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Prediction of Soil Oxalate Phosphorus using Visible and Near-Infrared Spectroscopy in Natural and Cultivated System Soils of Madagascar

1
Laboratoire des RadioIsotopes, Université d’Antananarivo, BP 3383, Route d’Andraisoro, 101 Antananarivo, Madagascar
2
Japan International Research Center for Agricultural Sciences (JIRCAS), 1-1 Ohwashi, Tsukuba, Ibaraki 305-8686, Japan
*
Author to whom correspondence should be addressed.
Agriculture 2020, 10(5), 177; https://doi.org/10.3390/agriculture10050177
Received: 23 March 2020 / Revised: 14 May 2020 / Accepted: 15 May 2020 / Published: 16 May 2020
(This article belongs to the Section Agricultural Soils)
Phosphorus is among the main limiting nutrients for plant growth and productivity in both agricultural and natural ecosystems in the tropics, which are characterized by weathered soil. Soil bioavailable P measurement is necessary to predict the potential growth of plant biomass in these ecosystems. Visible and near-infrared reflectance spectroscopy (Vis-NIRS) is widely used to predict soil chemical and biological parameters as an alternative to time-consuming conventional laboratory analyses. However, quantitative spectroscopic prediction of soil P remains a challenge owing to the difficulty of direct detection of orthophosphate. This study tested the performance of Vis-NIRS with partial least square regression to predict oxalate-extractable P (Pox) content, representing available P for plants in natural (forest and non-forest including fallows and degraded land) and cultivated (upland and flooded rice fields) soils in Madagascar. Model predictive accuracy was assessed based on the coefficient of determination (R2), the root mean squared error of cross-validation (RMSECV), and the residual predictive deviation (RPD). The results demonstrated successful Pox prediction accuracy in natural (n = 74, R² = 0.90, RMSECV = 2.39, and RPD = 3.22), and cultivated systems (n = 142, R² = 0.90, RMSECV = 48.57, and RPD = 3.15) and moderate usefulness at the regional scale incorporating both system types (R² = 0.70, RMSECV = 71.87 and RPD = 1.81). These results were also confirmed with modified bootstrap procedures (N = 10,000 times) using selected wavebands on iterative stepwise elimination–partial least square (ISE–PLS) models. The wavebands relevant to soil organic matter content and Fe content were identified as important components for the prediction of soil Pox. This predictive accuracy for the cultivated system was related to the variability of some samples with high Pox values. However, the use of “pseudo-independent” validation can overestimate the prediction accuracy when applied at site scale suggesting the use of larger and dispersed geographical cover sample sets to build a robust model. Our study offers new opportunities for P quantification in a wide range of ecosystems in the tropics. View Full-Text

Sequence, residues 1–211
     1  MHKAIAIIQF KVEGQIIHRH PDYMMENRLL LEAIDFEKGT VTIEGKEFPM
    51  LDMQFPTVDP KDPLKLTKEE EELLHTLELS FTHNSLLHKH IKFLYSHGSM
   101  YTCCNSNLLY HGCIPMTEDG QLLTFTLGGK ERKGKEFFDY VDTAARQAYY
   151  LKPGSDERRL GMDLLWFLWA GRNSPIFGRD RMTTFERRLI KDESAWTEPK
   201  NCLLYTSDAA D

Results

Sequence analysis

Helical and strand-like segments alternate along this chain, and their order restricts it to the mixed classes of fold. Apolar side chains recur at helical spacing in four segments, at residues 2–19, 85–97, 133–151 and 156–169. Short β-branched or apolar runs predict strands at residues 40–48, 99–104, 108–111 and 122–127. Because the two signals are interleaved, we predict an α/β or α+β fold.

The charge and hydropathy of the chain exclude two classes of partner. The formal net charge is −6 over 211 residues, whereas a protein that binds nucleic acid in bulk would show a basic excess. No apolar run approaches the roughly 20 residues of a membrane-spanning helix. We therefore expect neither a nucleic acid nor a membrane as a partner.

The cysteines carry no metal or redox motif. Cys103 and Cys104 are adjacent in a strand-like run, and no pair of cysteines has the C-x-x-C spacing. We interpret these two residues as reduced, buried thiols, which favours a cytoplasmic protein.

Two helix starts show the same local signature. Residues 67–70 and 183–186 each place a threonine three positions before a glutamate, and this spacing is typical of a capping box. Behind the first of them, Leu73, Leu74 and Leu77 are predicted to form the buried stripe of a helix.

Keywords: Madagascar; partial least square (PLS) regression; precision farming; soil oxalate phosphorus; spectroscopy Madagascar; partial least square (PLS) regression; precision farming; soil oxalate phosphorus; spectroscopy
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Rakotonindrina, H.; Kawamura, K.; Tsujimoto, Y.; Nishigaki, T.; Razakamanarivo, H.; Andrianary, B.H.; Andriamananjara, A. Prediction of Soil Oxalate Phosphorus using Visible and Near-Infrared Spectroscopy in Natural and Cultivated System Soils of Madagascar. Agriculture 2020, 10, 177.

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